Articles

Primed for Prep

Article text
Fun in the 'on-air' room
Primed for Prep
Capricornia School of Distance Education’s youngest students got to know their class mates and teacher, and experienced classroom life for the first time, at Prep ‘minischool’.
By Paula Heelan
It’s 2pm on a hot and sticky Wednesday afternoon in Emerald, central Queensland. Around the room there are some regular, unabashed yawns, a few teary eyes and there’s a bit of competition going on for the teacher’s lap. The Capricornia School of Distance Education’s (CSDE) first ever Prep class at the Emerald campus (the school has another campus in Rockhampton) is midway through its first week-long mini-school. All but one of the 15 enrolled Prep students are here to experience the action of a classroom and to become acquainted with their school community. It’s a big week for these children, but one that will set them off to a great start for their first year of school.

While four-year old Bailey Perkins visited the school earlier in the year for a Prep induction day and has been tuning in from his home, a 42 000 hectare cattle station, Bungobine, four hours north east of Emerald, for daily, 30 minute ‘on air’ lessons, until now he hadn’t really had the chance to get to know his teacher and classmates all that well. This week he has been keenly matching faces to those distant voices and firming up new friends. Bailey joins more than 29 000 children in Queensland who started in the State’s new Prep school ? a full-time, early education program that has replaced the preschool system.

Like most students in a mainstream school during the first week, these children who have travelled vast distances to be here, are filled with a roller-coaster of emotions. There’s a mix of excitement and anxiety as they get to know their teacher, each other and the school environment and routine. Everything is new ? new teacher, new friends, new shoes, new pencils, new bags. There’s a lot to remember and the onus is on their teacher, Jeanette Holbert, to teach them the daily class routine, the rules and expectations and to make them feel welcome. As these children have come from geographically isolated properties with little social experience outside the home – it’s a big job, but one Jeanette is well prepared for. She knows that during the week she will watch the transition of shy bush kids to noisy participants in the classroom.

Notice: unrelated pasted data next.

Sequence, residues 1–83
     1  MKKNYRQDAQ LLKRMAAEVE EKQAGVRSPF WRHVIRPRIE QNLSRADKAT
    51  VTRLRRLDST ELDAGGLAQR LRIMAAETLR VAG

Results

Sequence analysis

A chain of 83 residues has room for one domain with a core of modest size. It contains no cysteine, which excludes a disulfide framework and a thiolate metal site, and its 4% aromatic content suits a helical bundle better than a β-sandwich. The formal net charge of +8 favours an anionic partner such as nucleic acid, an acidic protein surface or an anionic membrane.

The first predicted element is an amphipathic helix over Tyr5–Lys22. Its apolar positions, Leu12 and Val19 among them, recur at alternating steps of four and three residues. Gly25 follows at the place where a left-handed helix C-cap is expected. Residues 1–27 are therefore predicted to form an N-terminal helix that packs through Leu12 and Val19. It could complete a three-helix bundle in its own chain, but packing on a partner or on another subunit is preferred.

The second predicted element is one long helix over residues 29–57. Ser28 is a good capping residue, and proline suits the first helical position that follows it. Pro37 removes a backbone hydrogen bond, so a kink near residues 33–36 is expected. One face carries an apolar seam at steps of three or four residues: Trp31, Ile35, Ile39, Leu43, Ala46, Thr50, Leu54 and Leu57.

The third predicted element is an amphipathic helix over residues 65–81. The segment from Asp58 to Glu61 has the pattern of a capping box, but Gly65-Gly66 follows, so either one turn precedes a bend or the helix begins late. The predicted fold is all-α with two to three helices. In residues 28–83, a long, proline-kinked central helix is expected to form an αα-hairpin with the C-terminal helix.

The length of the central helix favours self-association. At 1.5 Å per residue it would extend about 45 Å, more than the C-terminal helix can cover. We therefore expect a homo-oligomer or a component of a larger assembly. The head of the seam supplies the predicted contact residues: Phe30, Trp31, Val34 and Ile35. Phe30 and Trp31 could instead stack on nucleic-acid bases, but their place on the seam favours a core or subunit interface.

“It’s all about developing independence, listening and organisational skills and working together as a group,” Jeanette explains. “We’re spending time rehearsing ‘on air’ procedures, investigating and learning about each others’ interests, painting, building, dressing up, developing physical coordination skills and communicating ideas, feelings and needs. And due to our mode of delivery, the children need to incorporate Information and Communication Technologies (ICT). It’s imperative they receive immediate feedback whenever they need it. Using the paint program this morning in our computer lab, they created some amazing pictures.”

Learning from home these students don’t usually have to worry about a uniform, transport or a packed lunch. Their classrooms are usually just down the hallway or perhaps in a demountable building alongside the station homestead. They are taught by home tutors – usually a parent or governess and their hours are flexible.

Bailey’s mother, Kim Perkins, says the mini-school experience has opened a new and exciting world for Bailey and that his social disposition has clearly soared. An only child and in the homestead classroom alone, his shyness is understandable. “Being here and mixing with the other kids has been fantastic,” she explains. “When we call his Dad each night to report in, he takes over the phone, leads the conversation and tells him every detail. Until now, Bailey avoided phone conversations at all costs – it’s as though he has jumped right out of his shell.”

When it’s time for PE, the children line up in pairs – another new and tricky concept ? and amble off to the sport’s ground with their health and physical education (HPE) teacher Warwick Cook. Self-assured and bold, the children are keen to show Warwick that they can run, jump, throw and catch just as good as the older students. There are cries of: “Watch me Mr Cook, I can do it, I can do it,” and: “Can we do that again? That was fun.” To the side of the sport’s court, momentarily in a world of their own, two small girls are arm in arm and are busy determining the status of their friendship. “We’re friends aren’t we?” Amelia says. “Yes, we are,” Jessie happily confirms. “We’ll stay together for everything,” Amelia adds. As they delve further into important social matters, Warwick reminds them to rejoin the PE lesson.

Throughout the week, and much to the children’s delight, parents have been intermittently joining the class. It’s a great chance for them to watch Jeanette and the children in action – and to pick up some tips for home tutoring. Kim Perkins says one of the best things about living on an isolated property and having to teach through Distance Education is the extraordinary closeness families develop. “It’s lovely being able to play such a major part in your own child’s education and well being.”

At the end of the school day, despite 15 hot and tired little faces, the children have eagerly embraced all things new – the immeasurable grins say it all.